CategoryPnP

Quick Tip: Importing React In SPFx Web Parts

We’re used to importing React into our web parts using this syntax:

import * as React from "react";

But did you know we can also do it using this syntax:

import React from "react";

How’s that possible? Let us talk about the difference first.

import something from “library-name”; is used to import the default export from that library. A “default export” is that thing that is marked as “default” when exporting code from a module. For example, you might see in a module file an export that looks like this:

export default MyClass;

Now when importing it, you can do it with import myclass from ‘MyClassModule’; Basically, the import something from “lib-name”; is a short hand for this:

import {default as something} from "lib-name";

As long as there is a default export, you can use import something from ‘lib-name’;

Now how about the other syntax (import * as something from “lib-name”)?

This is written when the library does not have a default export, but rather exports multiple objects together; for example, you might have the export looking like this:

export { something1, something2, something3}

See? No default export there.. so you you will need to import all (*) from that module. Which is the case with React.. If you go to React’s source code on Github: react/index.js at main · facebook/react · GitHub you will notice that they do not have export default in their file. But.. why can we do it in SPFx web parts?

The reason is, starting with TypeScript 2.7, there is a property in the tsconfig file that allows the compiler to analyze the exported package and treat the whole package as a default export, so you do not have to write the longer syntax (export * as), this property is called allowSyntheticDefaultImports, and as long as it is set to true, it will allow you to do that!

tsconfig.json

Demo – How to easily create web parts with SPFx and PnP JS

My demo at the Microsoft 365 Community Call is now published. It’s about how to easily create fancy web parts with SPFx and PnP JS.

Here’s the demo:

Working with XML & PnP Provisioning

If you work with PnP Provisioning Engine that much, you might reach a point where you want to have your configuration sitting in an XML file, and read its settings and pass it to your provisioning engine. However, you might run into some issues when dealing with special characters if you try for example to name your sites something such as “R&D”.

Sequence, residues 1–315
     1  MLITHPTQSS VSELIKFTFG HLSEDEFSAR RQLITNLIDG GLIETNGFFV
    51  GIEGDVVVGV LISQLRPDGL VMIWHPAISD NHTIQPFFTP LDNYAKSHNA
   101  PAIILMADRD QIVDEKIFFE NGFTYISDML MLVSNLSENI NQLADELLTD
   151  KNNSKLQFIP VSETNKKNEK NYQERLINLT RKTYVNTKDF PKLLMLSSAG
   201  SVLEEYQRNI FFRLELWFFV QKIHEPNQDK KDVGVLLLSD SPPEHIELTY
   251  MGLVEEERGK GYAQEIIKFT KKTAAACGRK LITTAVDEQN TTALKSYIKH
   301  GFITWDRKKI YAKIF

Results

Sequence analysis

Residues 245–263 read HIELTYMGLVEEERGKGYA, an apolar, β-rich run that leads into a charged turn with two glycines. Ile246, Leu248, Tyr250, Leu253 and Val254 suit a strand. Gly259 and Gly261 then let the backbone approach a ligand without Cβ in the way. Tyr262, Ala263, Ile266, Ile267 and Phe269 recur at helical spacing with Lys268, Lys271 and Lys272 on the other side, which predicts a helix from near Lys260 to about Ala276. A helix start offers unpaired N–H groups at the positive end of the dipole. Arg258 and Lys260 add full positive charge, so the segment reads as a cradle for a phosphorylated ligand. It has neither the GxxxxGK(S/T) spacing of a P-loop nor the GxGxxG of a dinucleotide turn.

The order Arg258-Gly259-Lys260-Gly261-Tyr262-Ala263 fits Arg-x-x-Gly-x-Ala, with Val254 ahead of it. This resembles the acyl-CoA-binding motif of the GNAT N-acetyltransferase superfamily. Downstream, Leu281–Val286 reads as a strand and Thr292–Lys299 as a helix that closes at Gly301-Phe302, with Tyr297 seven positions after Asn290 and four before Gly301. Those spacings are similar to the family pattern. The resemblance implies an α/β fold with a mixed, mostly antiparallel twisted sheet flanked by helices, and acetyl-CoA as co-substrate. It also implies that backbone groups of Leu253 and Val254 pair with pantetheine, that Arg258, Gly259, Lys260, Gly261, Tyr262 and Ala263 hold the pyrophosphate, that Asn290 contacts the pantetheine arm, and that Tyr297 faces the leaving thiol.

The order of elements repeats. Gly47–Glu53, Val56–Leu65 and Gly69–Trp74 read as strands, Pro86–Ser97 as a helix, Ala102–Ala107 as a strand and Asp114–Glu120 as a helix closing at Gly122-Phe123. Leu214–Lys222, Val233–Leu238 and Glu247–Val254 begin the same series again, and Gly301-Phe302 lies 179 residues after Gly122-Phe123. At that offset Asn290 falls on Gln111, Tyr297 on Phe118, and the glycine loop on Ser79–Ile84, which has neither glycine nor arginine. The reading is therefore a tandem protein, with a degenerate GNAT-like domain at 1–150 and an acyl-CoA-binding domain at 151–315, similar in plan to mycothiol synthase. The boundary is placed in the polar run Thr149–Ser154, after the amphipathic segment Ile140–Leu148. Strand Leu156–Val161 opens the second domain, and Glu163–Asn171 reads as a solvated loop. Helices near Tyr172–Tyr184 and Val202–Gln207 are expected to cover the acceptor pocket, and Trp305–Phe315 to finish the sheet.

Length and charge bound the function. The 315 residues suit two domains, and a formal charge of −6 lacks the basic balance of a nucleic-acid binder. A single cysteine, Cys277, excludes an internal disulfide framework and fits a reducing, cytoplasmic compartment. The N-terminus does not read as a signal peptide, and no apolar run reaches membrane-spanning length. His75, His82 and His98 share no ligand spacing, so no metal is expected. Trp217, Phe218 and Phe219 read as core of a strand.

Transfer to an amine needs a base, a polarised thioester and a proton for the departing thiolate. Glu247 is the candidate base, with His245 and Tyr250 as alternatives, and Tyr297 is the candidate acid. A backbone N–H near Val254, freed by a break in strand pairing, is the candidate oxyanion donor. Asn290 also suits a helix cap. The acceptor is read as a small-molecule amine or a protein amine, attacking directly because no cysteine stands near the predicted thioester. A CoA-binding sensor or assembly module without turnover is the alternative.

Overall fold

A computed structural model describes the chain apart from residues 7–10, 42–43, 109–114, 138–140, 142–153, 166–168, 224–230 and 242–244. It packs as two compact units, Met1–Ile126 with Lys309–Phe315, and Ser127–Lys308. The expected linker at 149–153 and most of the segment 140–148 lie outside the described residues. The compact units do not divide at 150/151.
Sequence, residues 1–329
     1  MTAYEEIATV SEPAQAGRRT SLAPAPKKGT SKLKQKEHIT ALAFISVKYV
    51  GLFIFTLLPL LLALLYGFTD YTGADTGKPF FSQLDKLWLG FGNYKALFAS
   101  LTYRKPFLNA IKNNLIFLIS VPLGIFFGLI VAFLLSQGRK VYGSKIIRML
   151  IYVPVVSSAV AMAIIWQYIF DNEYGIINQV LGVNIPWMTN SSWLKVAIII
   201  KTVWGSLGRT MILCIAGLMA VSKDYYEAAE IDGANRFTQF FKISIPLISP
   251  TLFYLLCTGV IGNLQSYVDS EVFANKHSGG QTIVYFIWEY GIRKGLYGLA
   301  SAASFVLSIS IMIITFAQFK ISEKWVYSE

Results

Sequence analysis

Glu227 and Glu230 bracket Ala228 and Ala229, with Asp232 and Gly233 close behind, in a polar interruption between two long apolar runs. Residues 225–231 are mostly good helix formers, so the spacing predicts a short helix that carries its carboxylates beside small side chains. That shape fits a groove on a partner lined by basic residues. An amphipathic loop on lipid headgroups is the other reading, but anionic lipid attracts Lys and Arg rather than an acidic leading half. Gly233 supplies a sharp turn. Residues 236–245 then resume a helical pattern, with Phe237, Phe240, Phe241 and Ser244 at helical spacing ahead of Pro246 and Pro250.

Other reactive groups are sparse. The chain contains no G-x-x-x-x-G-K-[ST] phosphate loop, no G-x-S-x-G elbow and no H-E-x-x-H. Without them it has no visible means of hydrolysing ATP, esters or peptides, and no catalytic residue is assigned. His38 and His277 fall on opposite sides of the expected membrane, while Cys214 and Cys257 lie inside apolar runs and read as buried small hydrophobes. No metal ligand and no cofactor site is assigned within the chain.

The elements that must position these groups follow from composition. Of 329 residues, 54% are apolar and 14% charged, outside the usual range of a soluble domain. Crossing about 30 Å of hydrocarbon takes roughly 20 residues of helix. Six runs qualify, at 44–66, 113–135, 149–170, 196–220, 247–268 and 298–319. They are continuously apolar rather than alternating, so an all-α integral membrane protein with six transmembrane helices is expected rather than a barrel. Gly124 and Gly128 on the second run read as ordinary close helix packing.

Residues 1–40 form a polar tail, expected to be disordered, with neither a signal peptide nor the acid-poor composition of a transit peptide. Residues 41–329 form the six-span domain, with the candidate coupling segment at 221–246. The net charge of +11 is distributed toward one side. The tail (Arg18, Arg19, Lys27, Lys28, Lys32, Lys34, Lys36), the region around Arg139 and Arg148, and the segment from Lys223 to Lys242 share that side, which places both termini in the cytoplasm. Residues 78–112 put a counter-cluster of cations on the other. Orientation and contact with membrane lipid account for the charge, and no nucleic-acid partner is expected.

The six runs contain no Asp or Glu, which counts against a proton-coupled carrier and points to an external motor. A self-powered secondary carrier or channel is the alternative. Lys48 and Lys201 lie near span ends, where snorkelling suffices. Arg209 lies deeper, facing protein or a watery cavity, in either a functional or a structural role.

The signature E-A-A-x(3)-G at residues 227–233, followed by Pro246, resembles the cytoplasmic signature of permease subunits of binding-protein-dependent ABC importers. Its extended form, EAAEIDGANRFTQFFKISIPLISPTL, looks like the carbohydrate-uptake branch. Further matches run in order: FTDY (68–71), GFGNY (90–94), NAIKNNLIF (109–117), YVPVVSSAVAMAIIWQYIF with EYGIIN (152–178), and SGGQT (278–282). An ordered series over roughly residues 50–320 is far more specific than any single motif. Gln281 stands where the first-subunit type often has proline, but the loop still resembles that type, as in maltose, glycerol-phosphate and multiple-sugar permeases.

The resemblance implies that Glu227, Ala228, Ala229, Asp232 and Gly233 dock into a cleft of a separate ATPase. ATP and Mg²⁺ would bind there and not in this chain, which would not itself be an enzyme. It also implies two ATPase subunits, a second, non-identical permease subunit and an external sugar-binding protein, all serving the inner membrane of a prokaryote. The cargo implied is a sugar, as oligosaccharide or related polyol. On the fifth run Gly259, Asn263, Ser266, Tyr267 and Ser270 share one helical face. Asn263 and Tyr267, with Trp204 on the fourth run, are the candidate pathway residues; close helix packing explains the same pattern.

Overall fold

We’ll have a look at a case. Let’s say you have an XML configuration file named config.xml, that contains some settings regarding site urls and site names that you want to use in your provisioning engine. One of the values in XML might look like this:

Config.XML

If you try to read its value like this:

Reading XML file with PowerShell

You’ll end up with such an error:

Cannot convert value “System.Object[]” to type “System.Xml.XmlDocument”. Error: “‘<‘ is an unexpected token. The expected token is ‘;’

This means, that we’ll need to encode our value in XML, so we’ll end up with something like this:

Encoding values in XML

Or we can keep the value is XML as R&D, and replace the & with &amp; in our PowerShell script like the following:

Getting XML as string then replacing invalid characters


Now when we get the right value from $Config in PowerShell, it works just fine, and we’ll have a string as “R&D”. However, when we pass this value to our provisioning template:

It will complain again with such an error:

‘ ‘ is an unexpected token. The expected token is ‘;’.

The reason is, when it’s passed from PowerShell as “R&D” to the provisioning engine, it has to be encoded one more time. To do so, we’ll need to execute this before passing our values to the provisioning engine:

[System.Web.HttpUtility]::HtmlEncode($config.parameters.SiteTitle)

We store this in a variable, and pass it as a parameter to our provisioning engine. It will work like a charm!